Palani Muruga Revealed # Video

Photograph by Thinesh Moorthi Kanawathi: Visitors viewing Jeganathan’s painting at the Sri Siva Subramaniar Temple in UPM, Serdang.

The recent Thaipusam festival in Malaysia was a season of great introspection by practitioners of the Sanatana Dharma lifestyle or Hindus as they are generally grouped in, for lack of an appropriate term of reference in modern languages.

There was public outcry by Hindus in Malaysia over the blatant move by the Batu Caves temple management to keep the temple open during the lunar eclipse which occurred about 7pm until after midnight on Thaipusam Day (Jan. 31).

Temples around the world including in India followed an age old tradition that required temples to close during eclipses due to the sudden cutting off of the moon from the sun’s influence.

Modern scientists would not admit to the fact that the eclipse causes adverse effects on earth and its denizens although early (prehistoric) scientists or sages particularly in India had studied the phenomena.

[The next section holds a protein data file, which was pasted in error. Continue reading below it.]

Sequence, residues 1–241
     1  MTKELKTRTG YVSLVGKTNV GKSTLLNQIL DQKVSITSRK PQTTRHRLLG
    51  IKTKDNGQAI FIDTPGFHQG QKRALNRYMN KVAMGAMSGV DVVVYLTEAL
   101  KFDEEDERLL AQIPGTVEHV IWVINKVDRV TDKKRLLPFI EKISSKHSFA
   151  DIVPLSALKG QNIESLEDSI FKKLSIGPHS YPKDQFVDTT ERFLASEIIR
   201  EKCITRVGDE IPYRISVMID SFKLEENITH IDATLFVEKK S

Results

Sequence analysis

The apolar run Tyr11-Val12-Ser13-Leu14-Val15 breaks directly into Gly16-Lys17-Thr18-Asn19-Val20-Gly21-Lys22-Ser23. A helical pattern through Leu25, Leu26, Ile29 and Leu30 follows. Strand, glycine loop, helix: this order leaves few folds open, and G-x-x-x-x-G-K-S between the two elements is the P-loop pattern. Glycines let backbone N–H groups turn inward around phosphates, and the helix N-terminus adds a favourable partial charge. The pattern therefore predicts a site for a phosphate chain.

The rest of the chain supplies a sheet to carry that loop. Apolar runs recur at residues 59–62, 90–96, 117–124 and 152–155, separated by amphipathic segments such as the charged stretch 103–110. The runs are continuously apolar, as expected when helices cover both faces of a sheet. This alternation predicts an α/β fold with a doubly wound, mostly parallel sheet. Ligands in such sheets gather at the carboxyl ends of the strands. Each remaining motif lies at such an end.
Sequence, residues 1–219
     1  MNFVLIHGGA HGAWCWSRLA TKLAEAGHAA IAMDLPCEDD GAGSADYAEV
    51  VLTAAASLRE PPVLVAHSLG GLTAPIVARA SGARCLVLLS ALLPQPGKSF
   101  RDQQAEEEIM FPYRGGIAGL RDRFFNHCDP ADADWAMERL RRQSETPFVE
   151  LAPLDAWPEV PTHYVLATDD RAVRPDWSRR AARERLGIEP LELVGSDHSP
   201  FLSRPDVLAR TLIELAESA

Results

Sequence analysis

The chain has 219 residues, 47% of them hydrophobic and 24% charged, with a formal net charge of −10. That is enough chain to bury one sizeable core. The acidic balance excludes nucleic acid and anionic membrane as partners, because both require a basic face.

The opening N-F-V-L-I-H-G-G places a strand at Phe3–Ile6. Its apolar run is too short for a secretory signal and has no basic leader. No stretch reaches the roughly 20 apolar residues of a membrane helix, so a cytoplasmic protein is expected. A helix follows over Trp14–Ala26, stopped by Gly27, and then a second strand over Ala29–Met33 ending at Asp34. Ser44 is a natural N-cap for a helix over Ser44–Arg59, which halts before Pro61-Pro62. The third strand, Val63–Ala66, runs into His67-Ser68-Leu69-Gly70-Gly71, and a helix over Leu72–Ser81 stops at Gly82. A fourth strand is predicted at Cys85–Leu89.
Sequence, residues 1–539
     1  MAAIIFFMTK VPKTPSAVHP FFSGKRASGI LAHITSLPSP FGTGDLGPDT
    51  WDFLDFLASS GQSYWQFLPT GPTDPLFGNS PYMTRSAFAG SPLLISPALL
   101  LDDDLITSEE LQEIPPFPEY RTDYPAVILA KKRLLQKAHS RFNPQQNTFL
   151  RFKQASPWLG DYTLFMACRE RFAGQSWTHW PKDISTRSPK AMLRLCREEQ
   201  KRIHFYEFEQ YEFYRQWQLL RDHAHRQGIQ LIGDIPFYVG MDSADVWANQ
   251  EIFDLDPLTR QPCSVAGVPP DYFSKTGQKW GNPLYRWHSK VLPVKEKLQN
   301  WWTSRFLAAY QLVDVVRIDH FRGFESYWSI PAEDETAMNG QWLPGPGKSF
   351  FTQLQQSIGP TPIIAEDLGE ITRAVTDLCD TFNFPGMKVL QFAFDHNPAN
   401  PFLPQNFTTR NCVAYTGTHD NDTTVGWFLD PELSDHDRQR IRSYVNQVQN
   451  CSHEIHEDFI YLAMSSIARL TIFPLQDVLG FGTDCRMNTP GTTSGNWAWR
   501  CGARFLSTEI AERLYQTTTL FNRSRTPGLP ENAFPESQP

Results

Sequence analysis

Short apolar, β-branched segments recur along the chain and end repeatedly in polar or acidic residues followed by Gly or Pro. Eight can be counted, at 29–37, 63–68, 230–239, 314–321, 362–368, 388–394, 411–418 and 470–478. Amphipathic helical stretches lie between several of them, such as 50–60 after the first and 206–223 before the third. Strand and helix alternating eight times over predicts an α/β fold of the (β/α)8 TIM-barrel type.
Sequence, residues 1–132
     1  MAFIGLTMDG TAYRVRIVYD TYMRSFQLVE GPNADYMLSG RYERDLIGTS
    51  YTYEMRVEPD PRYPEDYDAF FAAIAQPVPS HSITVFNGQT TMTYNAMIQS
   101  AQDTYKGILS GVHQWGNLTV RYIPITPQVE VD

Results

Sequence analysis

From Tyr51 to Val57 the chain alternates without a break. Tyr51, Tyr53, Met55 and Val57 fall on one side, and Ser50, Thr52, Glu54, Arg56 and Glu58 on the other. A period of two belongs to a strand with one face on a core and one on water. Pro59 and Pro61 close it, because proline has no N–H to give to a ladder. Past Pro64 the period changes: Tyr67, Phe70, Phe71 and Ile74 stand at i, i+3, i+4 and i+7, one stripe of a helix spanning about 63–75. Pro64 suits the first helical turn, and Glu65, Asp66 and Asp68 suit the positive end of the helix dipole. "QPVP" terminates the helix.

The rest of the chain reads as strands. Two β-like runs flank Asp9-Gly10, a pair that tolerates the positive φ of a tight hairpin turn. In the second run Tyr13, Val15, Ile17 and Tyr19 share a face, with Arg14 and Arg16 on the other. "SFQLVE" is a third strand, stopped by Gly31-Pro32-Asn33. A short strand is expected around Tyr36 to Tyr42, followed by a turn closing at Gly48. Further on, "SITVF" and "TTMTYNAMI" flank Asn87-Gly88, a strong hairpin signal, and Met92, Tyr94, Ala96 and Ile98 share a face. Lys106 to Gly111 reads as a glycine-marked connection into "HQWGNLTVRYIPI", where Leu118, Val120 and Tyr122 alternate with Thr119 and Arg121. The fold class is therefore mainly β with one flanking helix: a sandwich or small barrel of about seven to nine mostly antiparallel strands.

It was on the advice of these sages that temples closed during eclipses and people fasted and took ceremonial baths afterwards to ward off the negative effects of the phenomenon.

In a show of unity visitors to Batu Caves went there in the early morning hours of Thaipusam Day and left the premises of the world famous cave temple in the afternoon.

They taught the temple management a bitter lesson for its arrogance causing Batu Caves despite the temple remaining open, to become an abandoned place save for some tourists, during the eclipse.

Many devotees of Lord Muruga also visited temples in their localities instead of Batu Caves, to fulfill their vows before the eclipse.

One such temple was the Sri Siva Subramaniar Alayam in UPM, Serdang where leading Malaysian artist, Jeganathan Ramachandran unveiled his latest painting titled Palani Murugan as part of a community project to promote art and culture among temple goers.

Jeganathan’s painting introduced devotees to the purely scientific fundamentals of the rich tradition of propitiating gods and goddesses dwelling in the heavenly planets including the sun and moon, for one’s health and wealth and sustenance of the earth.

R. Sittamparam


Sittam Param

Writer, poet, dramatist and former journalist. I have passion for art in all its forms hence my involvement in this portal.

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